I’ve just spent another long day in Sydney assessing research grants for ‘Category 1’ funding. Researchers and funding bodies; know this. Your work and funds are in good hands. Every year I am struck by the quality and integrity of this review process even though it inevitably has more ‘losers’ than winners.

If a funding body can allocate, say a million dollars in a year, that may only be around 10 to 12 grant proposals that will ‘get up’ and win funding. 10 to 12 is not many out of say, 200 but it is a measure of how competitive this process is and how good your proposal has to be to be funded.

If you succeed and your research proposal is funded, give yourself a huge pat on the back, you deserve it. If your grant didn’t succeed this time, start planning for the next submission. Don’t whinge about it, don’t complain that the stupid reviewers didn’t understand your genius and don’t wallow in ‘bitter and twisted’. The reality is that many good grants do not get funded as there is simply not enough money in the pot to fund everything that is good, only those that are exceptionally good.

You also need to know just how much care, thought and integrity goes into reviewing your grant. Every year I am struck by the level of ethical appreciation and comportment shown by reviewers. Nobody has to tell these committee reviewers what to do to ‘do the right thing’. If there is even a whiff of a conflict of interest or of any possible professional or collegial advantage, people will immediately excuse themselves from discussions or from the scoring of a grant or will actually leave the room and absent themselves during that grant’s consideration.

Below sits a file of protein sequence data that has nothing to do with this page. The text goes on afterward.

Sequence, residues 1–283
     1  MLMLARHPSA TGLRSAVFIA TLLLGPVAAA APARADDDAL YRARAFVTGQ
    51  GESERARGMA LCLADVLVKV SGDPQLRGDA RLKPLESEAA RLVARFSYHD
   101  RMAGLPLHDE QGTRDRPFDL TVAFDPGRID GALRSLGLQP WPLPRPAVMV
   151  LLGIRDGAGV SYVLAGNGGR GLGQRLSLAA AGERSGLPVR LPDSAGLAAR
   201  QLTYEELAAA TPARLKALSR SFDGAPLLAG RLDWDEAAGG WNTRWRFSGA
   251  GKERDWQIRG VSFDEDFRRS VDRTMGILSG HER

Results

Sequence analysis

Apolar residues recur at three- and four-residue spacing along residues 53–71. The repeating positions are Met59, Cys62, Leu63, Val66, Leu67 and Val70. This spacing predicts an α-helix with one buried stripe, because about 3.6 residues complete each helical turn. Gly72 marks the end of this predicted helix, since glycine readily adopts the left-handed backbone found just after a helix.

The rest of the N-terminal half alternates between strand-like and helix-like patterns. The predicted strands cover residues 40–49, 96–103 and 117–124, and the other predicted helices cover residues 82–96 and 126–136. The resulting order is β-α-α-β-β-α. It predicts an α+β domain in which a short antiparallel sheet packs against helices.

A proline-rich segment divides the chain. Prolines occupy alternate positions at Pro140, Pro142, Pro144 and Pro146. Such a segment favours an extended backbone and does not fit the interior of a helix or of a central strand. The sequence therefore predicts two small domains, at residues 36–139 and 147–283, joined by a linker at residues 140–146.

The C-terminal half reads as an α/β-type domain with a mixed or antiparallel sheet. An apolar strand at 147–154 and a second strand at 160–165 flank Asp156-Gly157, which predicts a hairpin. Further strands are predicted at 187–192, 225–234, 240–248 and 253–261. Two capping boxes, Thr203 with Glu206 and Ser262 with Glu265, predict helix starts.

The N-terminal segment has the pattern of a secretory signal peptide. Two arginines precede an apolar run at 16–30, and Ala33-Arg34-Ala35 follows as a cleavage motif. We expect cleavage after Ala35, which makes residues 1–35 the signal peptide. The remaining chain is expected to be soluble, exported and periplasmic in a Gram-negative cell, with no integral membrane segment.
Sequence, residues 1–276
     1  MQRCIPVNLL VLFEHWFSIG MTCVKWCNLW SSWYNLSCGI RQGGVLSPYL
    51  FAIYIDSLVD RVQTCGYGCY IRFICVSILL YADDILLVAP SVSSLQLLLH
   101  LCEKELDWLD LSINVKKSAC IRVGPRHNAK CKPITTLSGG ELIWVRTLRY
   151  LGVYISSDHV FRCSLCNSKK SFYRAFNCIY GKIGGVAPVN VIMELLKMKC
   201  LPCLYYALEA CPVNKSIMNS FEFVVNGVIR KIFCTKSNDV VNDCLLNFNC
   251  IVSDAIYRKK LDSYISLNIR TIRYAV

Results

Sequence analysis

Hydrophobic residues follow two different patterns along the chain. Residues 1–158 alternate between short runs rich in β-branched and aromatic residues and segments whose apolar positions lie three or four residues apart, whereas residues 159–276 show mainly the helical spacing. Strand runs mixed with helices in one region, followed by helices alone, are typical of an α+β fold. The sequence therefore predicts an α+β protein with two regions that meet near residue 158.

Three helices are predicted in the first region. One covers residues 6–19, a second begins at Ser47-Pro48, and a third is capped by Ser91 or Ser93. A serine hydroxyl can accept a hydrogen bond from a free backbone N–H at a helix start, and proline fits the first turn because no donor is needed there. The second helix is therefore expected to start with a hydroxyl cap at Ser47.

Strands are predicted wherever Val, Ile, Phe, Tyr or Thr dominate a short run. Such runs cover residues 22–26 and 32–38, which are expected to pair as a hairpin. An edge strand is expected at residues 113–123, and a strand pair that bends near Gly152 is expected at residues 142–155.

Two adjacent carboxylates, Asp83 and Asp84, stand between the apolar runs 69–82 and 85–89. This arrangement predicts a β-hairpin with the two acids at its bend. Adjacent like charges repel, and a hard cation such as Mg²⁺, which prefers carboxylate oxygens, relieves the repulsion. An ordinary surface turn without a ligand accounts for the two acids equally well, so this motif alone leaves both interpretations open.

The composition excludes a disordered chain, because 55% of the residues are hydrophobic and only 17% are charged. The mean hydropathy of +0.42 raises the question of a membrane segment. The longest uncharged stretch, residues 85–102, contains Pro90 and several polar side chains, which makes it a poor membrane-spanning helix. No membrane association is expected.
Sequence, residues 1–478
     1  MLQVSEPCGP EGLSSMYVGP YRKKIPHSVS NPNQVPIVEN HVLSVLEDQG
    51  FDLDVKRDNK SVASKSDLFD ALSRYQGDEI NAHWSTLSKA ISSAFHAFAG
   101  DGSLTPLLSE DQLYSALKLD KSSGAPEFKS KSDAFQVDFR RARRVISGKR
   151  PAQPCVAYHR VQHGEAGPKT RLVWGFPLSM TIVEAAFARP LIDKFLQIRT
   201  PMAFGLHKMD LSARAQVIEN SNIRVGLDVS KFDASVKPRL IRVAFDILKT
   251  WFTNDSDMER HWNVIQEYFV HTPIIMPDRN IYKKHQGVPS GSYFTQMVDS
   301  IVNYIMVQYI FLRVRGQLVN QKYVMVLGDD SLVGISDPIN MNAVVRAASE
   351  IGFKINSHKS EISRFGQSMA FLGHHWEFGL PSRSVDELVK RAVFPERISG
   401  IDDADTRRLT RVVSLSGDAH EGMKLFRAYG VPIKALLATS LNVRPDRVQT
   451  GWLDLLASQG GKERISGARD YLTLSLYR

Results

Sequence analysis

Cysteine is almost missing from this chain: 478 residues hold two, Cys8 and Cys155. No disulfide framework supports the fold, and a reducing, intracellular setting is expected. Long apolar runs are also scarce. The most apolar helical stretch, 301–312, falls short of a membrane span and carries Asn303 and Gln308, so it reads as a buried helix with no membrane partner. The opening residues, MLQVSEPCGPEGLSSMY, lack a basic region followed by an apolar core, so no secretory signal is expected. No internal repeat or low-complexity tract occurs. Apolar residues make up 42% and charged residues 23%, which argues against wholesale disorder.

Another feature of the review committees that I have been part of is the quality of the discussion and debate that takes place around each proposal considered. In around 15 years of this work and in various grant review committees I have never once heard a discussion about a proposal characterised by ill-feeling, preciousness, egocentrism or anything less than collegiality and scholarship.

If such integrity and ethics were the norm in everyday health care we would be in a wonderful place indeed.

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